MH@H Book Reviews, Trauma and PTSD

Book Review: Ghosts Within

Book cover: Ghosts Within by Garry Leech

Ghosts Within: Journeying Through PTSD is written by former war zone journalist Garry Leech. It covers his journey with post-traumatic stress disorder in response to the horrors his work exposed him to.

The book describes some of the traumatic events the author experienced.  This took a few forms: as descriptions of flashbacks, as part of his work with his therapist, and as short descriptive but emotionally detached clips interspersed throughout the book.  The descriptions of violence are not gratuitous, but readers with a history of trauma should carefully consider whether these sorts of descriptions might be triggering.  The book’s introduction explains this,

The book opens with Leech experiencing intense suicidal ideation; he was able to stop himself from acting on this by thinking of his family.  I thought this placement at the beginning was quite effective, as it sets the tone of tackling difficult subjects head on.

Something that struck me as a bit odd was the explanation early on in the book of how he met and fell in love with his current wife. This happened while he was married to his now former wife.  It doesn’t add value to the story and may unnecessarily bias readers against him.  It doesn’t help that in the same part of the book, he mentions finding out he had a daughter when she contacted him as an adult.  That becomes significant in the story later on, but the way it was included at the beginning was perhaps not the best choice.

Hyperarousal was the first symptom that became quite noticeable, and this manifested as frequent angry outbursts.  He explains how challenging this was for his wife.  As the illness progressed, he would regularly tell her to leave him.  She first suggested he had PTSD, but he brushed it off at the time, thinking only soldiers got PTSD.  His own slow process of coming to understand his diagnosis underscores the importance of his stated intention to raise awareness about PTSD.

Leech wrote about changing his appearance so no one (including himself) would be able to recognize him as the person he had been.  The reader learns what it’s like to experience flashbacks and panic attacks.  He also shared the story of an intense flashback that led to him uncontrollably self-harming.  As a result, police and ambulance attended, sedated him, and took him to hospital in restraints.  After this incident, he agreed to start medication.

He explains how he worked regularly with a therapist, which helped to control his symptoms to a point.  Hoping to get his life back, he decided to try eye movement desensitization and reprocessing (EMDR).  There was a long wait in the public system, and his insurance wouldn’t cover EMDR.  Luckily he was able to pay for it out of pocket.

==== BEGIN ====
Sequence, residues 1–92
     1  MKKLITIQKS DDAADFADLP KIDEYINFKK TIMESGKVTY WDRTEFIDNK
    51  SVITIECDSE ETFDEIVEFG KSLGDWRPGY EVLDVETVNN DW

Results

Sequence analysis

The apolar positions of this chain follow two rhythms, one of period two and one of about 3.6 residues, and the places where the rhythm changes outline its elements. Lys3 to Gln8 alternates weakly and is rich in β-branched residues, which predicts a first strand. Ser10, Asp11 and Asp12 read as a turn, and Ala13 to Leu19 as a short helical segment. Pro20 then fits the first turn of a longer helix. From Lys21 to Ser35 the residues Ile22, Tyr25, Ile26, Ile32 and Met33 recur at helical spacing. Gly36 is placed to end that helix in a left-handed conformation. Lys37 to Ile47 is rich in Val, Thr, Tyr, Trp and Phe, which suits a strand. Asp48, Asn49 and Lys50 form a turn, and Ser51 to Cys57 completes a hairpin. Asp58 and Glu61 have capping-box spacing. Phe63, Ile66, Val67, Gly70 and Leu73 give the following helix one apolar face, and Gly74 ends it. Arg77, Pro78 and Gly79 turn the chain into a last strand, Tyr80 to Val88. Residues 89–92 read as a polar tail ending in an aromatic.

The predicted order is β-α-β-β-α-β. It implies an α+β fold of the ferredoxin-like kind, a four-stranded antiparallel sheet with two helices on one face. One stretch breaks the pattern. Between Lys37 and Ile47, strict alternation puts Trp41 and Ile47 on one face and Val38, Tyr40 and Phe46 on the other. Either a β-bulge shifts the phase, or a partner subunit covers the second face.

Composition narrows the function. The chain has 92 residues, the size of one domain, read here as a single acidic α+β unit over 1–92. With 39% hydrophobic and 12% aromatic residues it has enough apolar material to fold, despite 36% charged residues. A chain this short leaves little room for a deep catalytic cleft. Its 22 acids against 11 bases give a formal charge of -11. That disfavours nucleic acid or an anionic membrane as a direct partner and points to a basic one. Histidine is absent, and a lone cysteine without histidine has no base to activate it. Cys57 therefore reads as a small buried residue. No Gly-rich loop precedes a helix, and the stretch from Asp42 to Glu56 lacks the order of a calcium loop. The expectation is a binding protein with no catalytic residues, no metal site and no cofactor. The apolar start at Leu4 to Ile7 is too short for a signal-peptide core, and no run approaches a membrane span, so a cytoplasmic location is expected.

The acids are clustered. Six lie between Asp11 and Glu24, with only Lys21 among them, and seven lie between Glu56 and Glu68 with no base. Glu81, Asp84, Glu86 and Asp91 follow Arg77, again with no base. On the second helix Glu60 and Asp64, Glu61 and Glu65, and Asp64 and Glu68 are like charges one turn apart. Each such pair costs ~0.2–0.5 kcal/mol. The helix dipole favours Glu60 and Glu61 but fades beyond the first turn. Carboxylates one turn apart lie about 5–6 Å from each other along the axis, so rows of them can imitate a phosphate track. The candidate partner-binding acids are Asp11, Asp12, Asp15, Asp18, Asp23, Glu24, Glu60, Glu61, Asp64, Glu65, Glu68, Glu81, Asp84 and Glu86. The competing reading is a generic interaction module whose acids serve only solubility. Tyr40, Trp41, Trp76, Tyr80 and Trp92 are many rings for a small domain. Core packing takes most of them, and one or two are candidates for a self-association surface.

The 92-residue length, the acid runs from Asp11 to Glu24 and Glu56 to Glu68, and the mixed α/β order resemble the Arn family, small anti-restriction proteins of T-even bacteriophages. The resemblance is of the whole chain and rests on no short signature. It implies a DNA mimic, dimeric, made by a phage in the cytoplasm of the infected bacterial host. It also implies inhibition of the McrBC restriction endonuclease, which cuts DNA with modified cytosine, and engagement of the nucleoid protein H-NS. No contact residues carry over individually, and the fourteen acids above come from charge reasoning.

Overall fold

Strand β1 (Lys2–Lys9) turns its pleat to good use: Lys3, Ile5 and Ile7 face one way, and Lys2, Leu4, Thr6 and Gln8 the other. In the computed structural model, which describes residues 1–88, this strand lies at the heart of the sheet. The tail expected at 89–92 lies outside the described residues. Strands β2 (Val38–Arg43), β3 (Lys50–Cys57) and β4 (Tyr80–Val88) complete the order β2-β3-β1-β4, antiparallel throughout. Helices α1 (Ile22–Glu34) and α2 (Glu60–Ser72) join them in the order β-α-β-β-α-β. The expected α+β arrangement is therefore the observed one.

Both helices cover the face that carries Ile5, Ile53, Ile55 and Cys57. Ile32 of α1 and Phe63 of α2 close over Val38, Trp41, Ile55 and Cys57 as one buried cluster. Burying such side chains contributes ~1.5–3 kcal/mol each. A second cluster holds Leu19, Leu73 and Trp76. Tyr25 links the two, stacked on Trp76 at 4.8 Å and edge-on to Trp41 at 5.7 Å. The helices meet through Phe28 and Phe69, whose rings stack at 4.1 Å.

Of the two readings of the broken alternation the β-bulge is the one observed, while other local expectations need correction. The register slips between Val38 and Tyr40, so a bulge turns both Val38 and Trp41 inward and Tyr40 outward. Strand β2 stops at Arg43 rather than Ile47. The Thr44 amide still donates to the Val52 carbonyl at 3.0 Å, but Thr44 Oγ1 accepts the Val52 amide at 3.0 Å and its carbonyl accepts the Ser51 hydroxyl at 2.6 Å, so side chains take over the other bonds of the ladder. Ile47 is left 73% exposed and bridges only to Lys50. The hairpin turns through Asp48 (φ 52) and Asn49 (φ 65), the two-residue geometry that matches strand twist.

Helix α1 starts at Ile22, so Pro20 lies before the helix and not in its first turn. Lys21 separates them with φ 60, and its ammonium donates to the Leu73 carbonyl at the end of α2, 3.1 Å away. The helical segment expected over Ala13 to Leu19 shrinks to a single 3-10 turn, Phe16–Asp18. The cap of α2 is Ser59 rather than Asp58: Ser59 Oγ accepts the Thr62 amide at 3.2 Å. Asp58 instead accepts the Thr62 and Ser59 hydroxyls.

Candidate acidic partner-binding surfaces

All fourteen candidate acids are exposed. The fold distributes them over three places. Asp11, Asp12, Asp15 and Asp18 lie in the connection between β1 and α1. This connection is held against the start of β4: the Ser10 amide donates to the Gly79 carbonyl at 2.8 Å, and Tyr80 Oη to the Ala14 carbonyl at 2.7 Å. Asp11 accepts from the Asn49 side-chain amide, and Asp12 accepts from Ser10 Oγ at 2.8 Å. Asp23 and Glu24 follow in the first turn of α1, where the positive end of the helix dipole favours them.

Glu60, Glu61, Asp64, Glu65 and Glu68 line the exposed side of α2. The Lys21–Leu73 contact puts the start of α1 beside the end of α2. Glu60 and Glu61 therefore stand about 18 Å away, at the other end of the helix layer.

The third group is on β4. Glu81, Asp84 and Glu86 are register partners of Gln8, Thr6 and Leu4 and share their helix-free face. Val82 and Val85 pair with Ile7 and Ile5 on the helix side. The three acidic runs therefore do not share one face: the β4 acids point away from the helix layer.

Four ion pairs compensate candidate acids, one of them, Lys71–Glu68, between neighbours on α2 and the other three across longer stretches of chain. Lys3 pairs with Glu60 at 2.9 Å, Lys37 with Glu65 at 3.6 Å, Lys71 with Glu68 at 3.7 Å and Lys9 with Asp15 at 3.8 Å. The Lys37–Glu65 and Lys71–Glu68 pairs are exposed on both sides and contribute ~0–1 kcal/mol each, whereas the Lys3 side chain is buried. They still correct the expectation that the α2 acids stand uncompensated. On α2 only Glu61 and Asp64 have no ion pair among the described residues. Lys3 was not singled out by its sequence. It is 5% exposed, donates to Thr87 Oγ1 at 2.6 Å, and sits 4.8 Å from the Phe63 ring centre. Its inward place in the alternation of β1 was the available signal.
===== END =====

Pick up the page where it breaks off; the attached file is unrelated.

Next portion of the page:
He thoroughly describes his EMDR sessions, so even a reader unfamiliar with the therapy would get a good sense of it.  With the therapy he was able to work through the shame and guilt related to the trauma.  He also learned that the numbness he felt was dissociation.  At that point, he realized he’d blocked out the memory of first learning of his daughter’s birth.

The EMDR treatment was very effective, and after seven weeks the intrusive memories stopped.  Despite some ongoing symptoms, he was able to get to the point where he could live a meaningful life again.  He tried going off his medication, but the hypervigilance and anxiety returned, so he restarted it.

Leech explains that despite how challenging PTSD has been, the experience has put him more in touch with his feelings.  While he feels more vulnerable and has a hard time trusting others, he acknowledge that there are also upsides.  He found writing therapeutic, and advocacy around mental illness awareness has helped to give him a new sense of purpose.

I suspect that for those who are unfamiliar with PTSD this book may be very eye-opening.  PTSD among journalists doesn’t receive much attention, so this book can help to address that awareness deficit.  The only real downside for me was that some of the chapters were a little long given the effects of depression on my own concentration.  Overall, though, this book makes a useful contribution in showing the journey from knowing little about PTSD to being able to conquer it.

Ghosts Within is available on Amazon.

I received a reviewer copy of the book from the publisher via Netgalley.

You can find my other book reviews here.

PTSD Evidence-based Treatment Options: An Overview mini-ebook

PTSD Treatment Options: An Overview, a mini-ebook that’s available from the MH@H Download Centre, covers a variety of evidence-based therapies for PTSD.

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9 thoughts on “Book Review: Ghosts Within”

  1. sounds like a good read! May have to read it! PTSD amongst journalists is definitely something that doesn’t get to much attention. xox

  2. Wow, God bless EMDR! I’m so glad it helped him! I feel sad that he minimized his PTSD by thinking, “Well, I wasn’t a soldier.” I think anyone in a war zone could fall prey to PTSD! Scary places! I can’t even imagine. I’m so glad he’s feeling better. I’ve also heard great things about service dogs who help PTSD victims in public, by standing between them and the person behind them in line, if the PTSD person is afraid to have someone close to them physically. I’m glad he shared his story!!

    Great review!

    1. Yeah it’s interesting how with PTSD in war zones for most people the automatic association would be soldiers, but it could so easily happen to anyone.

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